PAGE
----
My rating: 3 of 5 stars
Time taken to read - in and out over 6 weeks
Pages - 506
Publisher - Junction Publishing
Source - Bought Amazon Kindle
Blurb from Amazon
During this series we will look at the facts, the police investigation, the evidence, hear Chris Watts’ explanation and his reasoning. We will try to make some sense of what occurred during the early hours of August 13th 2018.
We will endeavour to present to you all aspects of the case, right from the initial investigation and how it unfolded, to the first and subsequent confessions all transcribed word for word (where possible) from actual video and audio footage obtained from the FBI’s Discovery Files.
We will continue where we left off.
At the end of book one, Chris Watts had finally confessed to murdering them and disposing of their bodies at an oil field.
In part two, we will focus on…
•… the grim discovery and recovery of the bodies.
•… the chilling details of the autopsies.
•… the remaining police interviews of Nichol Kessinger.
•… the Plea Deal.
•… the sentencing.
•… Chris Watts Prison Interview.
Marcus and Netta have worked together for a few years now, mainly in a publishing capacity, but in 2019 they joined forces and wrote Avaline Saddlebags—the first in a psychological fiction thriller series.
Combining their joint obsession with this case, they studied the files together, often into the small hours.
We want to stress that if you have already read the discovery files, then this series of books is probably not for you.
As seen on the new Netflix documentary - American Murder: The Family Next Door
I read book one and it covered the interviews, verbatim up to the confession and where he put the weans. The book ended abruptly so I HAD to buy book two. This book is not for the faint hearted. It includes the autopsies and is very upsetting and disturbing. The interviews with Watts and his girlfriend, as with book 1 they are verbatim. If there is an um, throat clear, every single word/action is transcribed. That is partly why it took so long to read because it is very dry, repetitive but hard going and horrific.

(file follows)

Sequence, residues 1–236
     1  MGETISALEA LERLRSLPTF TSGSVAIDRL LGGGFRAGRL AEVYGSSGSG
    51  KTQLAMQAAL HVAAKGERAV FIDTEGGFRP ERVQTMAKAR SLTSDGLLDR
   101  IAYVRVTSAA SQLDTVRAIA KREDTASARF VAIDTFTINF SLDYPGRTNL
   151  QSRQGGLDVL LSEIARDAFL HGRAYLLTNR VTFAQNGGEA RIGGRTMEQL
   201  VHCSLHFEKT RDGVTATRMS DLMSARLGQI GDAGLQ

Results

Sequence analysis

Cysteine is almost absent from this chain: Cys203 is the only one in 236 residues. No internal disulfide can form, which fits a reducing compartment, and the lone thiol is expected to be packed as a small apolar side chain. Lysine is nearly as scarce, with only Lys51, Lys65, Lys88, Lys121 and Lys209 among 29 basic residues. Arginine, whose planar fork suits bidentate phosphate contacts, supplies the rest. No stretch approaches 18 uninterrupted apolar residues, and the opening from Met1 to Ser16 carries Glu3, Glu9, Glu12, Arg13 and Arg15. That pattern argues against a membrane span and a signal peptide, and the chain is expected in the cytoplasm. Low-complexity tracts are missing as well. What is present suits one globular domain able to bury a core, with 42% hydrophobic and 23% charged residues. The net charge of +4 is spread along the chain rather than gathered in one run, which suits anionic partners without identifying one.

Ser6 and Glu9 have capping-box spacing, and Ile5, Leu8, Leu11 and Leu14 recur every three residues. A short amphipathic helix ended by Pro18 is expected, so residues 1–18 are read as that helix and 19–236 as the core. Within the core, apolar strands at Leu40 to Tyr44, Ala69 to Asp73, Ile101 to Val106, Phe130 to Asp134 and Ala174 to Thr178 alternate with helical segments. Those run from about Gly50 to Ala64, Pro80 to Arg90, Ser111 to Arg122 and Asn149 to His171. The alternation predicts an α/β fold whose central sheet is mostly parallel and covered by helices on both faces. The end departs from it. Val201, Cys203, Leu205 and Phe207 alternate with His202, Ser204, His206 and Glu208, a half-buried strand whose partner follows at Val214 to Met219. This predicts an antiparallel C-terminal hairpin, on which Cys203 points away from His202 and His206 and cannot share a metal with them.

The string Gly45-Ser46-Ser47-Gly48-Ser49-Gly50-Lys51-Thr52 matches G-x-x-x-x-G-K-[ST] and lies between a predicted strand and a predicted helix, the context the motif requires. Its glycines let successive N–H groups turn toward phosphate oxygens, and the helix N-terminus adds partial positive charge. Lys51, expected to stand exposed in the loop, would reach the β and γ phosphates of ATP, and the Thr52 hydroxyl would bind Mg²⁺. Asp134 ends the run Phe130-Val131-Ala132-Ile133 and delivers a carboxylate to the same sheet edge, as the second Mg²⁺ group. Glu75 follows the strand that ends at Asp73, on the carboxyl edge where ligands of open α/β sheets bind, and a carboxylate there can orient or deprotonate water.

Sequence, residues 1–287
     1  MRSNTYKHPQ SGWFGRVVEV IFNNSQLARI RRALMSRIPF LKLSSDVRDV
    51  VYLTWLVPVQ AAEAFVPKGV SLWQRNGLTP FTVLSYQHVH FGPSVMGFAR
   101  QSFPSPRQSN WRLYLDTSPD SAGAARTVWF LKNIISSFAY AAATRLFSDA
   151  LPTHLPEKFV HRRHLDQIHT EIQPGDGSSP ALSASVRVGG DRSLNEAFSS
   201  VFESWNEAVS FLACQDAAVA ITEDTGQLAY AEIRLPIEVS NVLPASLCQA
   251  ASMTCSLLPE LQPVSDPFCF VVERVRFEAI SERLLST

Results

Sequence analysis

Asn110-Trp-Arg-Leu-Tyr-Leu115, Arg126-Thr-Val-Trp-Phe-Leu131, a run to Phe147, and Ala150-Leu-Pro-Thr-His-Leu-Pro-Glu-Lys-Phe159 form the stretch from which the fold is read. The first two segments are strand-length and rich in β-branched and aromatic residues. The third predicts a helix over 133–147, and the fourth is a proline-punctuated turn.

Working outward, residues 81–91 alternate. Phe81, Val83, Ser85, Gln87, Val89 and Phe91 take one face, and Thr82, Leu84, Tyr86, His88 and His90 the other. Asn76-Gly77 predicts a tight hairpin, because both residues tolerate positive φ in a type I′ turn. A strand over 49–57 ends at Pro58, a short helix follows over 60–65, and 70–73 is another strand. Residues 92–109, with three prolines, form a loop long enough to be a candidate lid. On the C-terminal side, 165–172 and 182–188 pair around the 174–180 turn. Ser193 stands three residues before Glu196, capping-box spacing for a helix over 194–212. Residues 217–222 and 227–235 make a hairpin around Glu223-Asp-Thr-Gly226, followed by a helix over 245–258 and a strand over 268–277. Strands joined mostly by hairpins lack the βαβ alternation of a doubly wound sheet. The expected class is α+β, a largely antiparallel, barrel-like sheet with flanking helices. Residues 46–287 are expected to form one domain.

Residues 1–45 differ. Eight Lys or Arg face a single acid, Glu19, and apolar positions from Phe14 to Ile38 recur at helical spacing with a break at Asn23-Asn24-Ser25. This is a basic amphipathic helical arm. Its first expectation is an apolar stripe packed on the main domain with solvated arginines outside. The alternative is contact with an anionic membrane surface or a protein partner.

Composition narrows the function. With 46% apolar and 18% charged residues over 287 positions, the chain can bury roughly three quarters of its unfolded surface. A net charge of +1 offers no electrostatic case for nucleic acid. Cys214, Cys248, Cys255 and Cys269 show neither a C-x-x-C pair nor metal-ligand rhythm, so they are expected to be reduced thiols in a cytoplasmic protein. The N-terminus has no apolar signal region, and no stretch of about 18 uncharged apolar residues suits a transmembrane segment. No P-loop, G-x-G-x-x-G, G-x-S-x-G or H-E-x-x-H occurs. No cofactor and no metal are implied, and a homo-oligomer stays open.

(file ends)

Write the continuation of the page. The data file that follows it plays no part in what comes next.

The conditions of the bodies is very upsetting, the weans had been in oil tanks and whilst this was known from the Netflix documentary and the forensic files they took these interviews from you don't really (well I hadn't) think about the decomposition/injuries.
The interviews are so so so so so long that I think had they actually just written the heart of them rather than translating every word, pause, throat clear yes the book would be shorter but easier to read.
What I did find interesting is they cover sentencing etc that you see in the Netflix but after he is sentenced and jailed the officers go back to talk to Watts. They actually get details of what he claims happened, what he did, his thoughts on it and some background info on his relationships. The main thing I think and the detectives touch on this is that everyone says he was such a nice guy, never any of the stories some folk say once someone does something like that. Even after it everyone is shocked because "not Chris" he was always such a nice guy, quiet etc. He also talks about what was discussed with lawyers and how they went about his plea and what prison life is like for him.
It is an interesting read as most killers don't talk openly about what they did or speculate about themselves and their actions. I also hadn't realised there was some questionable stuff with the girlfriend and the authors include a few wee sentences commenting on the interviews.
Part three is apparently theories and opinions but not those of the authors, I wonder if this is just stuff lifted from online? The two books have literally been the interviews transcribed verbatim, including every pause with just a few sentences from the authors. Book three is likely the same as the blurb actually specifies "These theories are not the opinions of the authors and in no way are they saying these events are actually true. But they are most definitely food for thought…" for £6 despite this I know I will likely end up buying it for completeness, ugh! The authors do specify if you have seen the documentary (not the Netflix I think it is forensic files) then this book is not for you but I still think you would miss stuff - I doubt the program covered every pause/throat clear. Interesting read for sure, shocking and emotive but very dry at times just because of the fact it is the interviews turned into books, 3/5. Sorry I kinda went a bit long and on and on for this one, it is a shocking, devastating and heart breaking case - you could discuss it for hours!
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